Type of Finish
Sometimes clients have the misconception that you can just put a very hard finish on the floor and it makes it virtually indestructible. The issue with this, is that if you put a very hard finish on a softer wood, the floor will still dent. That is why we recommend a combination of a harder species of wood, as discussed previously, with a more durable finish. Typically for finish, we recommend either a commercial grade finish, or a UV finish. These are both great options for protecting your floors, especially if you have pets. Another option is to use a hard wax oil as opposed to a film finish which is what the commercial and UV finish are. The film finishes provide a topcoat on the floor, whereas a hard wax oil penetrates into the actual wood fibers to provide a protective barrier. The advantage of this product over film type finishes is that if the wood floor dents or scratches, you don’t notice it as much because it has more of a low sheen matte finish to it.
Regular Cleaning of Your Hardwood Floor
Regular cleaning of your wood floor is one of the most important, and easiest, things you can do to keep your floors looking great! If you own dogs, regular cleaning is even more important. Where I live there is a lot of sand and my dog loves to roll around in the dirt, and of course he digs! Guess where all the dirt and grime ends up when he comes in the house? You guessed it, on the floors. If we don’t regularly clean the floor it would over time wear the finish out sooner from all of the dirt getting ground into the finish.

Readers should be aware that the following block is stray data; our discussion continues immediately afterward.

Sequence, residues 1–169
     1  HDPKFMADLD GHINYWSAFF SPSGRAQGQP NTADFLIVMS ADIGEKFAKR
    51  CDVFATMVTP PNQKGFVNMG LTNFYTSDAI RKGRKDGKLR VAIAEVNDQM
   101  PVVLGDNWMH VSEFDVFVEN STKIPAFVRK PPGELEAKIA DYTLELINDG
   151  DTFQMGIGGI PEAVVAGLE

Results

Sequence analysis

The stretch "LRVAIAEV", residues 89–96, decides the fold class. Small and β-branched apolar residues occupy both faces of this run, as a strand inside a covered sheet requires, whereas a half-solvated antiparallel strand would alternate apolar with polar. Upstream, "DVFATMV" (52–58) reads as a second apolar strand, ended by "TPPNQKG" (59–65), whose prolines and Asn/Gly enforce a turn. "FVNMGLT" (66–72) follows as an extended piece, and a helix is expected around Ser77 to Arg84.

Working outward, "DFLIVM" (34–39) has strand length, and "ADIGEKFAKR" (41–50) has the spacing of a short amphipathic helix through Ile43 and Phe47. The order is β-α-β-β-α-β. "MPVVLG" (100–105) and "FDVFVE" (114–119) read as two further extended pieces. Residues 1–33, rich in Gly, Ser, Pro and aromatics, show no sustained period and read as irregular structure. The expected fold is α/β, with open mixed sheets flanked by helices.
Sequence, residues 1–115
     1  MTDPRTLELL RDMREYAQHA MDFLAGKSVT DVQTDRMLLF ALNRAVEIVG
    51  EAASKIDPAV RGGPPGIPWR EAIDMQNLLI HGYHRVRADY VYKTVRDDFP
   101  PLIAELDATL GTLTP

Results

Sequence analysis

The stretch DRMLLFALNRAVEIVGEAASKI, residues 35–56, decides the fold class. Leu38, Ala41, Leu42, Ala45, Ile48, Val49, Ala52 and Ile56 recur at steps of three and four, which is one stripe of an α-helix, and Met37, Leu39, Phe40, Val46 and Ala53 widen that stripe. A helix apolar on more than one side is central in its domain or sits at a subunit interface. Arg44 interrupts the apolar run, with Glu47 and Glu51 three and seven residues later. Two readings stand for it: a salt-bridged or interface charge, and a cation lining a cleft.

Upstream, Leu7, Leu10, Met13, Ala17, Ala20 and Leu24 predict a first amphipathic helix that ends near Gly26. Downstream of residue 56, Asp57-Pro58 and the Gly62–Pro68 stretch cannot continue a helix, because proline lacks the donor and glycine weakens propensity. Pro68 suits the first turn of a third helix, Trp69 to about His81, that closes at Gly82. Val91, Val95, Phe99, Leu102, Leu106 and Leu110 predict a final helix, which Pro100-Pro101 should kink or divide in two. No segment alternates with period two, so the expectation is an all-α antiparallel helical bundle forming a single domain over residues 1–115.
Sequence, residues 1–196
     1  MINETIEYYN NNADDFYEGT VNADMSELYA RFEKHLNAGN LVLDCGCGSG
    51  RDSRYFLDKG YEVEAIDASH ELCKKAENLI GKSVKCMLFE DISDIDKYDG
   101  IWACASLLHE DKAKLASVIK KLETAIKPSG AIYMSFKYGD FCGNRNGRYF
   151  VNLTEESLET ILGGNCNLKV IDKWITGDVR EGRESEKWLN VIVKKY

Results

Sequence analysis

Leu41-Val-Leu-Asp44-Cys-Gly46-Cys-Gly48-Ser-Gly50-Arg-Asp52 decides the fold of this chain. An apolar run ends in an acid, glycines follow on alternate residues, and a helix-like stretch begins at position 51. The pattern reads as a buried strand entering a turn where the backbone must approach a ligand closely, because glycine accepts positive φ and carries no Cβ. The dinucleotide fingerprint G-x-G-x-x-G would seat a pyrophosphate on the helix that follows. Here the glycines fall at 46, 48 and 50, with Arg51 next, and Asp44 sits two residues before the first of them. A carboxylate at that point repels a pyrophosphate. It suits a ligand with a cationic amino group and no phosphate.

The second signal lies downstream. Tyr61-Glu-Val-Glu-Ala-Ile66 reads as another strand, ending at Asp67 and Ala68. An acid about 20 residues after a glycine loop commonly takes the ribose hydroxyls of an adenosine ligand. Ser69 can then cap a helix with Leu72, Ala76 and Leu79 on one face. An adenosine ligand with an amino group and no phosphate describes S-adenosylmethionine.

Trimming your Dogs Nails
Now you may be wondering what this has to do with keeping your hardwood floors looking nice. Well, keeping your dogs nails shorter prevent them from wanting to dig in as much as they are walking. it also protects the flooring from scratches as their nails are also a bit more blunt and not so pointed. Read More…
We hope that these tips help keep your hardwood floors looking great and your furry friend happy to be on hardwood floors!
Hardwood flooring has been the most universally desirable choice for floors almost as long as floors have been a thing. The variety of tones, textures and levels of hardness combined with the wide availability of lumber in North America have made hardwood flooring a choice many homebuyers and builders don’t even need to think about when selecting a floor.
In addition to its objective qualities, hardwood flooring can elicit a range of emotions as well. An enchanting white oak makes you feel open and calm about your living space. A luxurious black walnut gives you a feeling of refinement and elegance that few other floors can match. Or maybe you want the warmth and coziness that a caramel bamboo provides.
Many homebuyers factor these feelings the house gives them into their decision to purchase or not. While you may be able to explain in vivid detail how the flooring makes you feel, the type of wood that actually makes up your distinguished living room, or your airy kitchen may not be as easy to explain.